Soft Cases:

Next up are the soft cases. These slim neoprene cases, available in either blue or black, really are a dream. They are soft, lightweight and perfectly streamlined to slip comfortably into a pocket, yet cushioned enough to give you confidence that your devices are safe and secure, slipping securely over your DS or PSP like a snug wetsuit with a fold-over lid flap ensuring that the systems won’t slide out. And it may not sound exciting, but the stitching around the edges of the case is extremely high quality, so you shouldn’t have to worry about threads popping loose or anything like that.

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Both neoprene sleeves are also equipped with a removeable media organizer plank capable of toting a few extra games on your travels (the DS organizer can hold three cartridges, the PSP organizer can hold two UMDs). The backs of the game holders also serve as screen wipes, which is a handy little bonus. Overall these are excellent cases. I really can’t recommend them enough.

Media Organizers:

Last but not least, Case Logic’s DS and PSP media organizers serve as handy companion pieces to the hard and soft device cases discussed above. The media organizers are made out of the same neoprene material as the soft cases and feature a neat clamshell design with a tough rubber band strap that tightly locks the case closed yet easily slips off when you need to open the case to get at your games. Despite their tiny size, both organizers can hold a surprisingly high quantity of games – six UMDs for the PSP and eight cartridges for the DS.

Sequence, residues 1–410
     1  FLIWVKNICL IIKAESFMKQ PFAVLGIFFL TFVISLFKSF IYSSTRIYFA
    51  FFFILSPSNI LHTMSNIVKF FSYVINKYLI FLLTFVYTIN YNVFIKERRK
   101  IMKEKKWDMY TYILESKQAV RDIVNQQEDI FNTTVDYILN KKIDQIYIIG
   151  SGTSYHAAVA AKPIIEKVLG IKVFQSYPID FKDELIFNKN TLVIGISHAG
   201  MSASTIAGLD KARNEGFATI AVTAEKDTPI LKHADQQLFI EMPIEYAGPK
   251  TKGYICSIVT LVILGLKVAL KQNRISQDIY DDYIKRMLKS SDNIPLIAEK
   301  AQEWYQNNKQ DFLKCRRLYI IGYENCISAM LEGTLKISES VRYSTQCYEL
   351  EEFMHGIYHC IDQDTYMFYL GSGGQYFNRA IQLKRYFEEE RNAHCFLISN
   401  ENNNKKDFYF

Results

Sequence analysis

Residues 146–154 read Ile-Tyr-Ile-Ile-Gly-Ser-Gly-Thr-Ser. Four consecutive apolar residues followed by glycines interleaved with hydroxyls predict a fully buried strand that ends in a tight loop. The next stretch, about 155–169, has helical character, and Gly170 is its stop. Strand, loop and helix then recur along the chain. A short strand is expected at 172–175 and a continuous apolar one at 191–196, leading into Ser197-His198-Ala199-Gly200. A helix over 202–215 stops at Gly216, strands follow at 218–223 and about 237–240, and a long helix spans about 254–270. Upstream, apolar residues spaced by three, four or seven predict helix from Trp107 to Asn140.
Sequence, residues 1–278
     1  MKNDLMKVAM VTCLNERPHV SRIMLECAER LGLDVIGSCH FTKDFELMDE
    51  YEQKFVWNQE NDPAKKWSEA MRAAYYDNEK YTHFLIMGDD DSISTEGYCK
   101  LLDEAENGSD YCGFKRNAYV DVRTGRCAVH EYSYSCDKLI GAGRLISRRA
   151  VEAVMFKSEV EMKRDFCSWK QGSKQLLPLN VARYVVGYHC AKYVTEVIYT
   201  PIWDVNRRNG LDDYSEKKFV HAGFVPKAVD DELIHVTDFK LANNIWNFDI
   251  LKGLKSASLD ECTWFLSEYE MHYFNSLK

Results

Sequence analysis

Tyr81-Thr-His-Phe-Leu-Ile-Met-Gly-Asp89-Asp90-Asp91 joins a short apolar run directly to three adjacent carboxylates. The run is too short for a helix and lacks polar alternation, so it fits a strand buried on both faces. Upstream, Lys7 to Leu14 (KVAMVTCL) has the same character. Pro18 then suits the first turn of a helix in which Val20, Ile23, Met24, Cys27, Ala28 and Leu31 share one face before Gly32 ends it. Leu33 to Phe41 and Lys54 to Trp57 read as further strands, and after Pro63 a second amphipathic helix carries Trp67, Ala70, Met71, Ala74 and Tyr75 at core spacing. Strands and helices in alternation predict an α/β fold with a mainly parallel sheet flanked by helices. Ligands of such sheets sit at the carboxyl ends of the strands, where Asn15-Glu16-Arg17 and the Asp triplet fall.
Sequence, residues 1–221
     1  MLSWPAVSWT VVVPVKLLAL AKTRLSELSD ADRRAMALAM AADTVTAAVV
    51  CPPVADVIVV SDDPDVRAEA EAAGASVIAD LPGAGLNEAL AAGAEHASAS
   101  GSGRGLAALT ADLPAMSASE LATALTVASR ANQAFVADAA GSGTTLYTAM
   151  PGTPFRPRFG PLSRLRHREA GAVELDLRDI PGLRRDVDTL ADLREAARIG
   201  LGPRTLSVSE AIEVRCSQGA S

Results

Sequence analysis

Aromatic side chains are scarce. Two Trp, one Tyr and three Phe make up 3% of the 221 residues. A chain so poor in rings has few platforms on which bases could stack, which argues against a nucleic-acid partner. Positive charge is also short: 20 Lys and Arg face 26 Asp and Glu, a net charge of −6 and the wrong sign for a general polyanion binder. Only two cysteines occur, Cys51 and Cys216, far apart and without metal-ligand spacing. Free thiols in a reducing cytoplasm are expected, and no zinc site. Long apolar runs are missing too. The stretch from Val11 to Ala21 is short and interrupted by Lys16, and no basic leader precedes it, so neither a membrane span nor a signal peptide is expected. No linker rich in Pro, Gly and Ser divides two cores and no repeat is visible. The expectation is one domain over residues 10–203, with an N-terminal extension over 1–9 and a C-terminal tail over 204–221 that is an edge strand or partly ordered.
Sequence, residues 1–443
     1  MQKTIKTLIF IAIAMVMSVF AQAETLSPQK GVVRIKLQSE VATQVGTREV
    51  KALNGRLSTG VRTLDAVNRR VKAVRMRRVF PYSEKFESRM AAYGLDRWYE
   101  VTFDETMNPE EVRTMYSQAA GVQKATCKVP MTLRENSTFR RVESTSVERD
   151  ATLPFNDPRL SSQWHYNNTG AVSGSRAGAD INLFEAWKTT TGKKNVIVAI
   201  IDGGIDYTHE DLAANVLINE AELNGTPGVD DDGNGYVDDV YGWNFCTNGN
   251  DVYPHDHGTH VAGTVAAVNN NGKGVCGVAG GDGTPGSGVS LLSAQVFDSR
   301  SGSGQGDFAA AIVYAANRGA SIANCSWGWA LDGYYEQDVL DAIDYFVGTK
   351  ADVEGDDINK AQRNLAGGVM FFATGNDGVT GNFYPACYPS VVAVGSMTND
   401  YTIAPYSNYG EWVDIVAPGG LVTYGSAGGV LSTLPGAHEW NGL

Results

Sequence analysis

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For the most part these game sleeves are genius, but sadly the DS case does have a significant design flaw. Unlike the PSP organizer, the DS organizer comes with two storage inserts like those that come with the soft cases. Each insert is supposed to hold four cartridges, but I found that they are so tightly sewn together that it was impossible to fit the full game capacity. I could fit two cartridges easily enough, but getting a third cartridge in was a tight squeeze and getting a fourth one in was literally impossible. I tried and tried to the point where the seam was on the verge of tearing, but I couldn’t get a fourth to fit. Fortunately, the inserts aren’t required. You can take them out and simply tuck cartridges into the case pockets and it still gets the job done. However, doing it this way doesn’t provide the games with the same level of protection since they are free to shift around inside the case.